By Mikhail Yakovlev
‘Cancel Culture’: A Complex Media Problem for Our Complicated Times
On 13th June this year, a new satellite channel launched in the UK. Its self-described mission? To give a voice to the silent majority who, according to its Chairman Andrew Neil, have been ‘cancelled’ by elite media and their ‘woke’ agenda. If this sounds remarkably similar to the incoherent anti-media messaging that used to come from Donald Trump’s ‘cancelled’ Twitter account, this is because it is.
Unfortunately, this silenced majority has not come through. According to the clickbait title of a review in The Guardian, “GB News launch gains more viewers than BBC or Sky news channels”. But, when these figures are broken down in the very same article, they are far less impressive. During the 19:00 to 23:00 slot on the day of the big launch, GB News received 1.1% of audience share, compared to BBC News Channel’s 0.9% and Sky News’s 0.4%. But, BBC 1’s flagship ‘News at Ten’ attracted an altogether more impressive 30.6% of the audience. Since then, GB News ratings have plunged altogether, reaching 0 after the Channel’s boycott of taking the knee.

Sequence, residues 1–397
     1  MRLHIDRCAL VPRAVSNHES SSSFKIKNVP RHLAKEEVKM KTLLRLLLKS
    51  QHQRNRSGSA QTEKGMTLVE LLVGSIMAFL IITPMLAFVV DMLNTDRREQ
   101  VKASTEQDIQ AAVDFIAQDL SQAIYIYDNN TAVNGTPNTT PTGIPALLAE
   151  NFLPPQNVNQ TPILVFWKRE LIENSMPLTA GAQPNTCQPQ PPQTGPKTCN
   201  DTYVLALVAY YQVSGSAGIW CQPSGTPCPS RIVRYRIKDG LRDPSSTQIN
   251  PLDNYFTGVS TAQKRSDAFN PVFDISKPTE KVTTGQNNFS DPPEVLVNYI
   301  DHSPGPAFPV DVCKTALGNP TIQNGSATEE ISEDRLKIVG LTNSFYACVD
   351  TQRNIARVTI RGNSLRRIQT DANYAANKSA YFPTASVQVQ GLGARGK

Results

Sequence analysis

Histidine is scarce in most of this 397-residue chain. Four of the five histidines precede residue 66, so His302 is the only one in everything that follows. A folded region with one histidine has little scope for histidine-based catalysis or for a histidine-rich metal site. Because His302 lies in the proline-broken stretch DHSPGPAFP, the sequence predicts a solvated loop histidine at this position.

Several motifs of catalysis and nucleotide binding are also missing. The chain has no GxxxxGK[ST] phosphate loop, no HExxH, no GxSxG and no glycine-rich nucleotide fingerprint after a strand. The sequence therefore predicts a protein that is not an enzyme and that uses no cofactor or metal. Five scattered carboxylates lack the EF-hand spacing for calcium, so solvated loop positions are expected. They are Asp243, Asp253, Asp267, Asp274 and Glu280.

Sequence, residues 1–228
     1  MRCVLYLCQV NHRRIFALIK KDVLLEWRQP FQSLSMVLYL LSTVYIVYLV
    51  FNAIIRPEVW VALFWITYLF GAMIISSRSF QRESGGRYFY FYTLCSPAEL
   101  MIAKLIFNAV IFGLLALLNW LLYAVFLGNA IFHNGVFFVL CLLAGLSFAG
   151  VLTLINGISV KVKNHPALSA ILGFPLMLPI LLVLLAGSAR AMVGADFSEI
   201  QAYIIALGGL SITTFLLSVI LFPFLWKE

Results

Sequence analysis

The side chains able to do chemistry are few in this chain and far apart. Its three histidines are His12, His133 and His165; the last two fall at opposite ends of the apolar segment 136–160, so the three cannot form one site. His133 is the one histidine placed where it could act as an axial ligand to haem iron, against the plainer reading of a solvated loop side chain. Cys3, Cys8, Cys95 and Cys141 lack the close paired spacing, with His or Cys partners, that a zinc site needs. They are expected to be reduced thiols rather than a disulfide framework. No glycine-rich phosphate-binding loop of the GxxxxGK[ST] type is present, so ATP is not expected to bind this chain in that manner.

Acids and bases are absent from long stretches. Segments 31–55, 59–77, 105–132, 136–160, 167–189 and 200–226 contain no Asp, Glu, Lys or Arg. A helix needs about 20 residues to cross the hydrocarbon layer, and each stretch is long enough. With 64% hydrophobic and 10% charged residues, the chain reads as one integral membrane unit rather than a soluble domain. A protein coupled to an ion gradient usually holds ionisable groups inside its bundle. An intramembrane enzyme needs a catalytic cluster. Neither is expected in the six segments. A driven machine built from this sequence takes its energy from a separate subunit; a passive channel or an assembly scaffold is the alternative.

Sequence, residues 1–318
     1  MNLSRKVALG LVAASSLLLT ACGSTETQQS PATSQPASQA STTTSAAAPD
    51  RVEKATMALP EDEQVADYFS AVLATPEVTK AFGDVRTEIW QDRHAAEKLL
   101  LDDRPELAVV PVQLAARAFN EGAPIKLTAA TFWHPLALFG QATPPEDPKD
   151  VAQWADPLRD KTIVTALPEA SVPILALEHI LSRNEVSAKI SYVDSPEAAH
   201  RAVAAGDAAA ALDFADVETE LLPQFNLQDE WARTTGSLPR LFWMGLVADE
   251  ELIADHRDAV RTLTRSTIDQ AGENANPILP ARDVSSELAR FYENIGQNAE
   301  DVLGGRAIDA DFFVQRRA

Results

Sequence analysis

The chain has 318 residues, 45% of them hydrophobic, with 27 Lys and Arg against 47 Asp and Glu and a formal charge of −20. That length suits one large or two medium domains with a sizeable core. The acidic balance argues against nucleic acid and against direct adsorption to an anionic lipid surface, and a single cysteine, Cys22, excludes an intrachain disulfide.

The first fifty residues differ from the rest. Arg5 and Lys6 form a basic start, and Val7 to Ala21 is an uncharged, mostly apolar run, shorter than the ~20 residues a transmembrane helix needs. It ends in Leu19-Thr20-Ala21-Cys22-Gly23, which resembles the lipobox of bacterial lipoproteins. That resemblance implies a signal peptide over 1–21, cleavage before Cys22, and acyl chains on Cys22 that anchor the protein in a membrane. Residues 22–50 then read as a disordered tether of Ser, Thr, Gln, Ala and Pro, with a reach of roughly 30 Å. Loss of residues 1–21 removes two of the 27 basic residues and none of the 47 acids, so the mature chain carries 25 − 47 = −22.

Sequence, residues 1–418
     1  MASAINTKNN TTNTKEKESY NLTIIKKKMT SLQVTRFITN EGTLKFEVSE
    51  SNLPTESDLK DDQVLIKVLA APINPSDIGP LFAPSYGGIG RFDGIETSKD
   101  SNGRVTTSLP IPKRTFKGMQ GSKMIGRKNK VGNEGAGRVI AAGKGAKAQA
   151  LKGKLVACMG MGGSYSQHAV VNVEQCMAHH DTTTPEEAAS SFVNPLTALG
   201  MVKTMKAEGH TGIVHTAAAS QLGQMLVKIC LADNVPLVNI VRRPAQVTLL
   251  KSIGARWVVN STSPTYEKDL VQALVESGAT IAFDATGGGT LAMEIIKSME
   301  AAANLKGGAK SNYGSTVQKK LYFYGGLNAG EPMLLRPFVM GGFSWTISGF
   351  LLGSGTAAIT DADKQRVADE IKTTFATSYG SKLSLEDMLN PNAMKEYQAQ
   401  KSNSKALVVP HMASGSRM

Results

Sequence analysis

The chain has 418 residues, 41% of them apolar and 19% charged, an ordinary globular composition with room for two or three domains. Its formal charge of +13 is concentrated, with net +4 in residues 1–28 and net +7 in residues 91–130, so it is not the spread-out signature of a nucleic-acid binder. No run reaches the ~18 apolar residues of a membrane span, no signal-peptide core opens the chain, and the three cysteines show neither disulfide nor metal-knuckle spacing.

The Great British News flop points to the confusing place of ‘cancel culture’, in our increasingly confusing world. While right-wing media and Twitter ‘personallities’ accuse mainstream media and social media companies of complicity in woke ‘cancel culture’, it is the most marginalised voices that remain silenced in conventional and social media.
At the same time, it is important not to downplay legitimate concerns about freedom of speech and toxic mob take-downs, such as doxxing, especially prevalent on some social media like WeChat. Unfortunately, it is precisely these complex and muddy dynamics that render ‘cancel culture’ such a confusing phenomenon and term. To get to the bottom of things, Media Diversity Institute (MDI) asked six academics, writers, and activists one major question – what is ‘cancel culture’ and who/what is threatened by it?
The Cancel Culture Series of interviews will be published during the first week of August 2021.
Jillian C. York (she/her) is a writer, activist, Director for International Freedom of Expression at the Electronic Frontier Foundation, Fellow at the Center for Internet & Human Rights at the European University Viadrina, Visiting professor at the College of Europe Natolin. Twitter: @jilliancyork Latest book: Silicon Values: The Future of Free Speech Under Surveillance Capitalism.